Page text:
The railway owned ferries were often painted in the house colours of the railway company but some services were operated by wholly owned subsidiaries. One example is the Caledonian Steam Packet Company which operated services on the Stranraer Harbour to Larne ferry route. British Railways inherited the railway owned ships and routes and operated over a hundred services for many years, very few of the railway owned ferry services carried railway wagons however, by the twentieth century those that did all operated between ports on the South and East coast and the Continent. The BR operated ships had black hulls, white superstructure, red funnels with a black top and, after 1964, the BR logo in white on the funnel sides. In 1965, following the change to the 'corporate' British Rail livery they adopted the name Sealink for all their ferry services and this name was often painted in white on the side of the ships hull.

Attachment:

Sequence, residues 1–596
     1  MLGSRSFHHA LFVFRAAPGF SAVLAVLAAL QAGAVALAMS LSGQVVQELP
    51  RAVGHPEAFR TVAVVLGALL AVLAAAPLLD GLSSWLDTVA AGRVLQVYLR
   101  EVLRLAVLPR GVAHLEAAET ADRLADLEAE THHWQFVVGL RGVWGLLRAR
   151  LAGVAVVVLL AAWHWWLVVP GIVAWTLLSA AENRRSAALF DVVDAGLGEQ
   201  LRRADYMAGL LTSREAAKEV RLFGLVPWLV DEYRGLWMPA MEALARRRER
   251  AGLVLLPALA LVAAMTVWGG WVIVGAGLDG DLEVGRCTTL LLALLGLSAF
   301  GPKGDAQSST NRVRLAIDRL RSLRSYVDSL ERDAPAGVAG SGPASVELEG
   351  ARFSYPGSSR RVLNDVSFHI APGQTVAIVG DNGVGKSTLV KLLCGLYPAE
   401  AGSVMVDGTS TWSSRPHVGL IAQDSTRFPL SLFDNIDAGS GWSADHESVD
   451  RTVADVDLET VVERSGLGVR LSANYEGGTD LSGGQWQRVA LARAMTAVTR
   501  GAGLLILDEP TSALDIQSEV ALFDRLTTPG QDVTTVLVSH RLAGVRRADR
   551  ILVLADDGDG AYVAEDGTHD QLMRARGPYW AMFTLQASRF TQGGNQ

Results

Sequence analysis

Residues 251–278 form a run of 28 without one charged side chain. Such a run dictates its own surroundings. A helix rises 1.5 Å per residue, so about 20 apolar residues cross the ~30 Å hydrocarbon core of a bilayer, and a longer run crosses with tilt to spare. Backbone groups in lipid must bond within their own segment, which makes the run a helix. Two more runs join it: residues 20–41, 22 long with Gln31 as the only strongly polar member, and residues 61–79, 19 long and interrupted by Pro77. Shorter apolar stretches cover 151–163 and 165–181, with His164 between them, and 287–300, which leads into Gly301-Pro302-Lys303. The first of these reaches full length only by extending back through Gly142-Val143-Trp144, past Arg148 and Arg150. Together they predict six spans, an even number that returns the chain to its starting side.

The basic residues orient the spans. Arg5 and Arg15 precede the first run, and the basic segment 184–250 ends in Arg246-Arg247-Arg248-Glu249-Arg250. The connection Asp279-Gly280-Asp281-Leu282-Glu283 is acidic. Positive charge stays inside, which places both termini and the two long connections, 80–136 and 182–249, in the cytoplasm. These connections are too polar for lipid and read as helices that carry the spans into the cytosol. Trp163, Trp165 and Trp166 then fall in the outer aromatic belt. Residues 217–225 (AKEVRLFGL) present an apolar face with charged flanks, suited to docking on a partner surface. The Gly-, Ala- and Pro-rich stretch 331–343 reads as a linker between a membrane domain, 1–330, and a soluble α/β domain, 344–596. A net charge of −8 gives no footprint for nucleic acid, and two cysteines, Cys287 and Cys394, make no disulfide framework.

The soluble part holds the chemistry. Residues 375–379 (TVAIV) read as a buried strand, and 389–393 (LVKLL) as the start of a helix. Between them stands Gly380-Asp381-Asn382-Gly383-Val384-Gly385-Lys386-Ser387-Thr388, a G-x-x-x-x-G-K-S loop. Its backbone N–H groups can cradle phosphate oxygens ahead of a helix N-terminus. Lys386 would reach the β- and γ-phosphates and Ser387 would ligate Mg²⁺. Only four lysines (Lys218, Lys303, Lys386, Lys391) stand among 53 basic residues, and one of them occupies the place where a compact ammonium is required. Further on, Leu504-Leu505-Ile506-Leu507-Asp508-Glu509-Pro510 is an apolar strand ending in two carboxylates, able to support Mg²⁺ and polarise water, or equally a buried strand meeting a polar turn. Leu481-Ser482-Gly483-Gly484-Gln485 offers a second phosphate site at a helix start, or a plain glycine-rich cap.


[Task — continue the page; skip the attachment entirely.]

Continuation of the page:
Fig ___ BR Sealink ferry
BR Sealink ferry showing livery

International Ferry Traffic

International ferry traffic falls into two main categories; conventional ferries docking at rail served ports that carried passengers and goods and specialised ships fitted with ramps and rails to allow railway vehicles to be loaded directly on board. These latter are usually called train ferries although the locomotives are not carried on board.